Learning to be awesomesauce | Our Corner

I read an article somewhere last week and learned I am far more out of touch with reality than my daughter, Katy, has led me to believe. I admit I don’t remember who the writer was or where I read it, but I am sure I am not making this up, whatever it is. Let’s delve into it.

Our Corner

I read an article somewhere last week and learned I am far more out of touch with reality than my daughter, Katy, has led me to believe.

I admit I don’t remember who the writer was or where I read it, but I am sure I am not making this up, whatever it is.

Let’s delve into it.

I have been using all the wrong words for longer than I can remember, which isn’t long, but it must be awhile – I think (I am trying to be very careful not to use the wrong word so this column may be very short – depending of course on… the its, whatever… the its… the bad words that is… is… are… its).

Back to the subject, apparently there is a snotty spit barrel full of words I have unknowingly been hacking up when I talk and write. The problem is I can’t say what the words are because if I do an inappropriate word ticket will arrive in the mail with a picture attached of my infraction and my insurance rates will go through the… high thing over my head (I think the R word was on the “if you say that word we will all begin whispering about you” list).

The writer thankfully paradiddled out a parade of “do not dare say this or that” to be afraid of… and I am now duly afraid of… the its… whatever the its… the bad words that is… is… are… its.

Earlier today I was driving to the office in Covington and a song inadvertently came out of my radio (I never know why these things happen). It was a hit song in the early 60s when hair was popular.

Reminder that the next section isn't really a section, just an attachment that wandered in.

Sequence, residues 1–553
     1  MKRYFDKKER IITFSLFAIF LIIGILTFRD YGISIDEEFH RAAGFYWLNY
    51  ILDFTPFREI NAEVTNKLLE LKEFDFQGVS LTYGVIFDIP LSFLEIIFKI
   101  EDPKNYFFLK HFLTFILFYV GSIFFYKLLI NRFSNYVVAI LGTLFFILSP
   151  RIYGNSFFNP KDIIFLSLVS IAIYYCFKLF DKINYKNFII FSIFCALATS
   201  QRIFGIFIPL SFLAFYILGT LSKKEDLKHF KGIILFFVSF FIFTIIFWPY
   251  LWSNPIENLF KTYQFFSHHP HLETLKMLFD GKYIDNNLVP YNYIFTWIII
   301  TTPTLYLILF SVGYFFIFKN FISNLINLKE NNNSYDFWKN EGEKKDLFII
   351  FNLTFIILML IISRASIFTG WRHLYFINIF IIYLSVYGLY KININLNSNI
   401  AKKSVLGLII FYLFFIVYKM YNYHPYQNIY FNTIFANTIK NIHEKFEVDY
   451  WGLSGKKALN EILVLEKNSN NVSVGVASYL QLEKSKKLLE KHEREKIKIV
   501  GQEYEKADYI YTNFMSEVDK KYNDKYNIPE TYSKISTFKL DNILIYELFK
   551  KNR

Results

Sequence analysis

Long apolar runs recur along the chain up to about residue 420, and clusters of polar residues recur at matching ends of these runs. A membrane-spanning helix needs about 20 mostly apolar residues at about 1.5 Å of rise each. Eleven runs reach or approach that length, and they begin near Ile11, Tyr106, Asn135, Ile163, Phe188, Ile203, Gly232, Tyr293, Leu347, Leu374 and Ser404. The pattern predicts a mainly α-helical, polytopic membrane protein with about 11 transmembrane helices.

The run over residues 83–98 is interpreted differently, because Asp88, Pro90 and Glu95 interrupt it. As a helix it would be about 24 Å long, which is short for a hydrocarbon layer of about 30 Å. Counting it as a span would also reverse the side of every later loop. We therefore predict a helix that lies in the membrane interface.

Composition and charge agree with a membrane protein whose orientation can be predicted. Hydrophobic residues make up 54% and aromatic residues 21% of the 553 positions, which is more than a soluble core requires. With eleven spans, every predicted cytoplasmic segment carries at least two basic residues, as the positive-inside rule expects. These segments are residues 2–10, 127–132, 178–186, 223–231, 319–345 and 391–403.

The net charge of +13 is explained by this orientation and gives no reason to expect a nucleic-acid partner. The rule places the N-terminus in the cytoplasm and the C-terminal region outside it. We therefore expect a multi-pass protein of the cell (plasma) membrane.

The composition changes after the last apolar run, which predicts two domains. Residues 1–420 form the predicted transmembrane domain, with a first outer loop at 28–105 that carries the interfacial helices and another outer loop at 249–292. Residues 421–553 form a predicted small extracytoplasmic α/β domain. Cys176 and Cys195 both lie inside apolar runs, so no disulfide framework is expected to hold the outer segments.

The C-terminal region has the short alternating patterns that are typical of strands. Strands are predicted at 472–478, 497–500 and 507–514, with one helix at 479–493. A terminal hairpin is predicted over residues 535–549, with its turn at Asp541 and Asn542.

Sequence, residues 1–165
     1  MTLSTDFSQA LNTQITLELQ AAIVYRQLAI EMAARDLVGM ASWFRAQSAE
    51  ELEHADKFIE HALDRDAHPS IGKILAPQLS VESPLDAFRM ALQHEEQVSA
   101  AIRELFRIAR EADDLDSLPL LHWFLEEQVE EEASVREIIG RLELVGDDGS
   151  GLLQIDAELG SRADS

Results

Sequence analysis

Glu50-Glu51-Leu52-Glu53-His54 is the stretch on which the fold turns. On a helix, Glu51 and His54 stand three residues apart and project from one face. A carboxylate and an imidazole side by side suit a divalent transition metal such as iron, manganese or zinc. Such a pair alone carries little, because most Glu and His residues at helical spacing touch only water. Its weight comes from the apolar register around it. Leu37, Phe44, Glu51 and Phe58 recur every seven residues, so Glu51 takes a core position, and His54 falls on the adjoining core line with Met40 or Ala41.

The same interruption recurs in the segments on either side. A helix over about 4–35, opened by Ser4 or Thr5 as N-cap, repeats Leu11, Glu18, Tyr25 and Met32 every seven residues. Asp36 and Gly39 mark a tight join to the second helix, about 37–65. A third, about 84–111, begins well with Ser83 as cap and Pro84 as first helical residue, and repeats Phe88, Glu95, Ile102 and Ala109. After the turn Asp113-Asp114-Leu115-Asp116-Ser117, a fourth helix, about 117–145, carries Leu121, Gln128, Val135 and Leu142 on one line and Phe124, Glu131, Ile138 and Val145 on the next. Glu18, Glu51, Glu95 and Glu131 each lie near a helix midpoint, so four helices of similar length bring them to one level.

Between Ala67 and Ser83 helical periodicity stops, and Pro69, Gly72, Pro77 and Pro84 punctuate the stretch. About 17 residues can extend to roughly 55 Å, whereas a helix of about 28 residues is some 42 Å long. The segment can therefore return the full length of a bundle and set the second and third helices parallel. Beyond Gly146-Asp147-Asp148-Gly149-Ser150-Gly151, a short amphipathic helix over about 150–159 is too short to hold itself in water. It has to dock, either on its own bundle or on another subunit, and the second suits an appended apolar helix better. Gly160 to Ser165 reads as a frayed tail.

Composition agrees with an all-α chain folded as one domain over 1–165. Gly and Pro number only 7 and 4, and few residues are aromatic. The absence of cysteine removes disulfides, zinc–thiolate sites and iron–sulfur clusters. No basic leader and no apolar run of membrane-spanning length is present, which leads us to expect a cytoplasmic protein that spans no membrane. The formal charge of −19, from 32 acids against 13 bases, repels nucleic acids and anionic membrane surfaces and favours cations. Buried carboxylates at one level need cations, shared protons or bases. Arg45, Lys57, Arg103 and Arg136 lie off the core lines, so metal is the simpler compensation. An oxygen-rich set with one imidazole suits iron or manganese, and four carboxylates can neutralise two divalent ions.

I heard the first line of the lyrics and panicked. I nearly drove off into a mucky field of prepositions without directional objects.

After calming myself, I checked my rear directional looking devices for the enforcement clauses. I appeared to have escaped a very close comma call.

I decided it would be a parviscient exercise to rewrite the lyric with the proper pulicosity to help me learn to hug and be smiley.

The song begins like this: Something I’m not suppose to say, something not suppose to say… “Itsy bitsy teenie weenie yellow polka dot”… more things I’m not suppose to say.

The something I’m not supposed to say is easy pleasey. I’m sure yellow polka dot is out and would bring high gerunds of snorting and snarfing. Bitsy teenie weenie will make a dangling subordinate participle want to chase me with a 10-pound dictionary that has never been cracked.

That leaves itsy, which is fine piece of linguistologyness.

After hours and hours of oily toily, I saw the light of reformation hovering above me and I came up with this: itsy snitzy, wonky donkey, burlap boodle of plisky pribble.

Pretty awesomesauce, huh?

I feel confident I have now mended my evil, unforgivable ways and I have turned over a new…. something… let me check if this L word is OK. I’ll get back to you.

 

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